Like many would-be young aviators, I built model aircraft as a lad. I’d paint them and hang them from my bedroom ceiling, poised in various acts of aeronautical trickery and derring-do.
For some reason this vision of toy planes flashed before my eyes as I arrived for a 50-minute scenic flight over the world’s largest lagoon.
I was in Kone in the North Province of New Caledonia and about to climb into a two-seater Pipistrel light aircraft. Specifically, we were heading up to see the ‘Heart of Voh', a remarkable heart-shaped patch of vegetation in a mangrove swamp that has been adopted as a symbol of the French territory.
My pilot, Jean-Yves, was an extremely affable and laid back kind of guy, the type of man you want flying a plane that’s about as big as a Prius. He assured me that the Pipistrel had been certified by NASA as the world’s best aircraft. I replied that the last time I was in a transportation vessel this small it was called a womb, but we got along anyway.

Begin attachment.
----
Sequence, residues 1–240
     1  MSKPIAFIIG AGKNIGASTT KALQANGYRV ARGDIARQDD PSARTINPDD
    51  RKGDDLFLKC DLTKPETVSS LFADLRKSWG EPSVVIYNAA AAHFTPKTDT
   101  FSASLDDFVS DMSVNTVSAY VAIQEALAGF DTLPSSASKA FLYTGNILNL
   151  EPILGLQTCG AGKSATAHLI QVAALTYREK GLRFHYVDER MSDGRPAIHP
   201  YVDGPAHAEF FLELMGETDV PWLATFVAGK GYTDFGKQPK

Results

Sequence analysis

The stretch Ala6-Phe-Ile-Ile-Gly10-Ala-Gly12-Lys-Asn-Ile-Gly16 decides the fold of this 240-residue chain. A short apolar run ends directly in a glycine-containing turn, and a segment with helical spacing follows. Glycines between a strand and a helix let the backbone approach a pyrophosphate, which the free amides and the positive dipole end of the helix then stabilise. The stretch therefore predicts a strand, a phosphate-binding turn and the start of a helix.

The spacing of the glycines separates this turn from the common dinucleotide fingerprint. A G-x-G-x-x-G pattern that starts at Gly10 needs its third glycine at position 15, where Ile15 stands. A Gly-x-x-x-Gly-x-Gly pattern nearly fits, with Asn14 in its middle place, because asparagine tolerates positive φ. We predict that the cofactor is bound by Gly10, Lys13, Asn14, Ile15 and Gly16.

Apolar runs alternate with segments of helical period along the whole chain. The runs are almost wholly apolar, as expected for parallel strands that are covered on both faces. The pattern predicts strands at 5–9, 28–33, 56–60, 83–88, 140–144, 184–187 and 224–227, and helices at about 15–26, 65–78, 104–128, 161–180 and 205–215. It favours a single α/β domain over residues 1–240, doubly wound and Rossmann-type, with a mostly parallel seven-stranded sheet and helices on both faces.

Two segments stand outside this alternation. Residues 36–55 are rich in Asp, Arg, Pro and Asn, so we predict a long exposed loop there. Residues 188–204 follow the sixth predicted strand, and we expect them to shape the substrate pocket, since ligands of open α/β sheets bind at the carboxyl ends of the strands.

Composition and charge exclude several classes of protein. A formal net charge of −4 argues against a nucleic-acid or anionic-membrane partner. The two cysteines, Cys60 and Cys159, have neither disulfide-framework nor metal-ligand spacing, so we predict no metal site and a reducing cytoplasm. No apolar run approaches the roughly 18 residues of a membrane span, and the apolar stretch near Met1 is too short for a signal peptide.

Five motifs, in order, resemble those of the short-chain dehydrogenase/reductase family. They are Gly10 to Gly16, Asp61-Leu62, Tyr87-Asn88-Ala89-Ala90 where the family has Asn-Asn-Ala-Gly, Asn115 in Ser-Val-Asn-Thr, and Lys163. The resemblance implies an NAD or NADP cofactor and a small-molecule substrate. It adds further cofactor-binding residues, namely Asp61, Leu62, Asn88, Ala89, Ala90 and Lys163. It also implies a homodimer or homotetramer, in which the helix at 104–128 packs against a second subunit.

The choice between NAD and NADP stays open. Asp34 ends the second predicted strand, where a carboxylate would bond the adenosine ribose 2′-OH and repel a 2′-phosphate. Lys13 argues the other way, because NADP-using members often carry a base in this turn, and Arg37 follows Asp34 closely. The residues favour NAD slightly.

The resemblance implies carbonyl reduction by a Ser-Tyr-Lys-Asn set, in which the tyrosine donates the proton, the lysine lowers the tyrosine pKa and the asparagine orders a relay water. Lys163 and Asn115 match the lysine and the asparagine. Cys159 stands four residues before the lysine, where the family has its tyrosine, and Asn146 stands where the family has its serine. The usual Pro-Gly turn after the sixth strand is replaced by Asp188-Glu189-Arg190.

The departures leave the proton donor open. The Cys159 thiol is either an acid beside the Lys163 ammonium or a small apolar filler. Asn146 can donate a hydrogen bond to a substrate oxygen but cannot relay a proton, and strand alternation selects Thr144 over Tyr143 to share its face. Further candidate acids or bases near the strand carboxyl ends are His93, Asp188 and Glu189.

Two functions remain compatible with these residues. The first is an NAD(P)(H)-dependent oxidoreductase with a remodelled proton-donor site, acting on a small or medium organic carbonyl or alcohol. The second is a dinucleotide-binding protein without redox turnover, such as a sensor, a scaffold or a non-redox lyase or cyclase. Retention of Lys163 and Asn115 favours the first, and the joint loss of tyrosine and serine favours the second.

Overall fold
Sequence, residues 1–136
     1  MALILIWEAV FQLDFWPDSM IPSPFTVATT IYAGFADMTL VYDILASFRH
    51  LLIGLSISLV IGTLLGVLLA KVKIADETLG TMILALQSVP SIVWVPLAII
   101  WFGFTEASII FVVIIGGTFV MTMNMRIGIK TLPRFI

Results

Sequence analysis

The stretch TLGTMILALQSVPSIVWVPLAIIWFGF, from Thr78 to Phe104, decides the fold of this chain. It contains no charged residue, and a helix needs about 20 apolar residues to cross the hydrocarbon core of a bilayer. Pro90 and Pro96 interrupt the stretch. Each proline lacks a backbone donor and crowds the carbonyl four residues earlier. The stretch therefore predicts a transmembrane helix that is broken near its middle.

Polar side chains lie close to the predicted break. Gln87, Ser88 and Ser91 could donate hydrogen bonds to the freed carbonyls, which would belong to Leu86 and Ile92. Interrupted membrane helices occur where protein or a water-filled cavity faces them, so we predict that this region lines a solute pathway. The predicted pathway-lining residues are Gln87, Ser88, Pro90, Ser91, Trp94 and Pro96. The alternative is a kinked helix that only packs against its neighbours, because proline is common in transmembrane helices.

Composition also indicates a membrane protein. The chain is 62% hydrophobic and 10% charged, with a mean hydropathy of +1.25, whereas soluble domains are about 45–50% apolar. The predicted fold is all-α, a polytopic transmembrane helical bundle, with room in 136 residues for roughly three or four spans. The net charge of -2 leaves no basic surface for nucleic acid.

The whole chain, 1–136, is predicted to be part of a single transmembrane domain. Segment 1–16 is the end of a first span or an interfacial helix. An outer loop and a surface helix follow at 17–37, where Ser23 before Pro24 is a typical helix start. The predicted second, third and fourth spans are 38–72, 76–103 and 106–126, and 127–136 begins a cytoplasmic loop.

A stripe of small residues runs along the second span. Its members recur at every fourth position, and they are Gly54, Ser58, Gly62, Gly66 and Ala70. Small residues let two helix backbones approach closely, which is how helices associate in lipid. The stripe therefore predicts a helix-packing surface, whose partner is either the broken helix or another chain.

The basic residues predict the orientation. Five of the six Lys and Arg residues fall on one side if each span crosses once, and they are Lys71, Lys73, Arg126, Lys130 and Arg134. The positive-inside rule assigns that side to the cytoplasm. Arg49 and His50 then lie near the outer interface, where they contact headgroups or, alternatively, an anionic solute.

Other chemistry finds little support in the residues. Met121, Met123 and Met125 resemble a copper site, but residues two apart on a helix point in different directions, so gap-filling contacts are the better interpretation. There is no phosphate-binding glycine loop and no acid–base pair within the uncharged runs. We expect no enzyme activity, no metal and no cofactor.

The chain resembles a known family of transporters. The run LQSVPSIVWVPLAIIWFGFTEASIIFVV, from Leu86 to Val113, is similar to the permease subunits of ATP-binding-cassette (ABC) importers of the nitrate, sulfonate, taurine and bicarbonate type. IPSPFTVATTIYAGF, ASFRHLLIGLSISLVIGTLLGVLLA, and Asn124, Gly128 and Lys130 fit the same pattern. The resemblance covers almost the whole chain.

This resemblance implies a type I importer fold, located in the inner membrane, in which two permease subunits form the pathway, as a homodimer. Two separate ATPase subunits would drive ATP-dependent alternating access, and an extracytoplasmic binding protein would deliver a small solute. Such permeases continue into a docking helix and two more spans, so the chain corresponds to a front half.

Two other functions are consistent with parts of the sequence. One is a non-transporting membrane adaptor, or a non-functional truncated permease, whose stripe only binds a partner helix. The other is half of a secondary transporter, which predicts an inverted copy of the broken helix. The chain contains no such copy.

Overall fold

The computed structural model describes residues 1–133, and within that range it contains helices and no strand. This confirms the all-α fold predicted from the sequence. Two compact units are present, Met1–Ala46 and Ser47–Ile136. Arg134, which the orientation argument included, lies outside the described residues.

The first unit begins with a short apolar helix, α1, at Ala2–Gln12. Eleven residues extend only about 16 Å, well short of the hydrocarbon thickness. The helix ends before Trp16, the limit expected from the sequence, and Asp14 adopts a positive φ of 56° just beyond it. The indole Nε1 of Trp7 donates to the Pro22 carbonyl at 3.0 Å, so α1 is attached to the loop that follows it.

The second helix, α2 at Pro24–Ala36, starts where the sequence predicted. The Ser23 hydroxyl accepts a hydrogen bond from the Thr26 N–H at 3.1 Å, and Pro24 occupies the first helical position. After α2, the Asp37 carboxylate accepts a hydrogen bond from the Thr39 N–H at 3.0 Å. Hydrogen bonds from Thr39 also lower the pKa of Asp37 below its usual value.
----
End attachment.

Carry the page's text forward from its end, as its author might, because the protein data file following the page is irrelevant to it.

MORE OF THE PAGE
With the unmistakeable sound of U2 blaring in my ears, we took off and immediately I was struck by how fast yet remarkably stable the little plane was. Not only that but it handled like a dream, turning on a sixpence to offer terrific views of the terrain below.
I’d need a paint chart to describe the various shades of blue, green and teal that I saw beneath me (New Caledonia is surrounded by a coral reef barrier 1,600 kilometres long). Jean-Yves puffed gently on an electric cigarette and suddenly the wind beneath my wings was chocolate flavoured. We swept low over ‘the heart’ and even lower over the lagoon to see manta rays and the seemingly eponymous turtles.
Whether it was all the twisting and turning (or the Cadbury-scented faux cigarette), but by the end of the trip I was somewhat glad to get back on terra firma. But it was a remarkable experience and if you’re ever in these parts, a flight over the heart will certainly get yours racing.
Subscription successful! Thank you for subscribing.